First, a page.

If he nba want to discuss how to discourage teams from strategic tanking, they should borrow from the Chinese Basketball Association playbook. In the basketball exchange program, the rest of the world learned the game by watching the NBA, American hoopers integrated the European step into their skill development, and the NBA took the lead. mid season tournament of the Euroleague and soccer. Meanwhile, the CBA imports American hoopers and even picks up some of the worst habits in the NBA. On Monday, the CBA announced the expulsion of the Shanghai Sharks and Jiangsu Dragons of the postseason for their attempts to rack up multiple games in the postseason.
The incident, which the CBA has characterized as a match-fixing scandal, stemmed from the Sharks “giving up” in the second half of Game 2, in a brazen attempt to mitigate the four-game suspension imposed on the former CBA guard. NBA, Eric. Bledsoe (pictured above). The idea was that by extending the series to a third game, Bledsoe would only miss the first game of the quarterfinal series against the Shenzhen Leopards. It was a risky move considering a Game 3 loss would end his season anyway and render his machinations moot. To make matters worse, they were too obvious.
In the final two minutes of Game 3, that’s almost what happened as the Dragons took a 100-96 lead until they spontaneously blew up and committed five straight turnovers that sparked a 10-0 Sharks run. On Saturday, the CBA announced that it would investigate and punishment was handed out on Monday.
In addition to postseason banishment, both teams were fined 5 million yuan, head coaches were banned from applying their trade in the CBA for three years (Li nan) and five years (Li Chunjiang), both general managers were suspended for several years, and both teams’ records for the entire season were expunged from the official record. The only people who came out of the CBA’s iron fist unscathed were the mascots and the training staff.
Tanking is nothing new in the NBA
Tanking has a long and storied history in the NBA. It’s a polarizing trend that’s surreptitiously discussed in basketball’s C-Suites and discouraged by the commissioner’s suite, but has never been executed to the extent that the Sharks and Dragons did. However, by the league’s trend, it’s only a matter of time before we get to that juncture. Oriental Sports Daily writer Xue Sijia, who lives in Shanghai, also referenced Dallas’ loss to “playoff contention to improve chances of keeping their first-round pick in the next NBA Draft” as justification.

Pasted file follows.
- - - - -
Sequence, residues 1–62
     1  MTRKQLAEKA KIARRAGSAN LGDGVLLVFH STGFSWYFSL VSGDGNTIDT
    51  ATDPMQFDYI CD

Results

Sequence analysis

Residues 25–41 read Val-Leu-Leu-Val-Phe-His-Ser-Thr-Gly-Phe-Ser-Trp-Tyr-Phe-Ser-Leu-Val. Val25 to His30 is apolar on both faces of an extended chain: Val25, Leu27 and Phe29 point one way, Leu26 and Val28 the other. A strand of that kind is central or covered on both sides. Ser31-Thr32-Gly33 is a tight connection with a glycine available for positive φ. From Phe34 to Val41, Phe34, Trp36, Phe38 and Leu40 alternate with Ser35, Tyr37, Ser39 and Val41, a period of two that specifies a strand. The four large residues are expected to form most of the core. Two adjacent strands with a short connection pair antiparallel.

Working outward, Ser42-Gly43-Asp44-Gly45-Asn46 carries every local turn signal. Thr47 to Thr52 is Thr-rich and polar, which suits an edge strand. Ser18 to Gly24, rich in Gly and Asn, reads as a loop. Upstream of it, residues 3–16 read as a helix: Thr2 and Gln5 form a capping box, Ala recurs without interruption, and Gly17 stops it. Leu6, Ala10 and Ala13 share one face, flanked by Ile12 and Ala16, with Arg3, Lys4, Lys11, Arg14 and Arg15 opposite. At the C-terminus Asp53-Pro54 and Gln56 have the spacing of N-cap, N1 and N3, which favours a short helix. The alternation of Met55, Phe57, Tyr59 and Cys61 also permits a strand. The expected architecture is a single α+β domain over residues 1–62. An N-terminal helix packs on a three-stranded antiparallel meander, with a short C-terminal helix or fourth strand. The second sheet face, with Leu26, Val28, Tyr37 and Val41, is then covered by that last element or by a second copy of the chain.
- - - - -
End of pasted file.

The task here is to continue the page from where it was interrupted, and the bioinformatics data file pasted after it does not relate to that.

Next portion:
Adam Silver may strike a harsh disciplinarian and disappointed tone in public when addressing the league’s 30 teams, but when it comes time for punishment, he’s a Disneyland dad who lets them get away with repeat violations.
The NBA recently fined cuban markthe dallas mavericks $750,000 for conduct detrimental to the league for benching their star players for their season finale (although it could be argued that playing they in tandem it was an equally effective tanking method) in an attempt to secure his protected top-10 pick in 2023. Last November, Silver told teams he was “putting them on notice.”
They had so little fear of him dropping the hammer that when faced with a brazen tank tactic, Silver made such lukewarm judgment of Dallas that Cuban felt empowered to make a decision. mockery of thand nba matching your fine with a donation from your own to charity. Can you imagine the message it would send if the NBA suspended jason kidd and general manager Nico Harrison for a significant period of time for their disregard for the competitive spirit of The Association?
I feel Marvin Berry calling Chuck Berry with that new sound you are looking for. Harsh punishment is the tank solution the NBA has been looking for. Unfortunately, we won’t see it happen because that would likely mark the beginning of the end of Adam Silver’s employment. The NBA Board of Governors has all the power in the NBA. Silver didn’t even have the authority to directly delete Roberto Sarver. The CBA is governed by a state agency and headed by President-elect Yao Ming. And you can already imagine the diatribes that would come out of the Mouth of Enes Kanter and their ilk if the NBA borrowed tougher penalties from “Communist China.”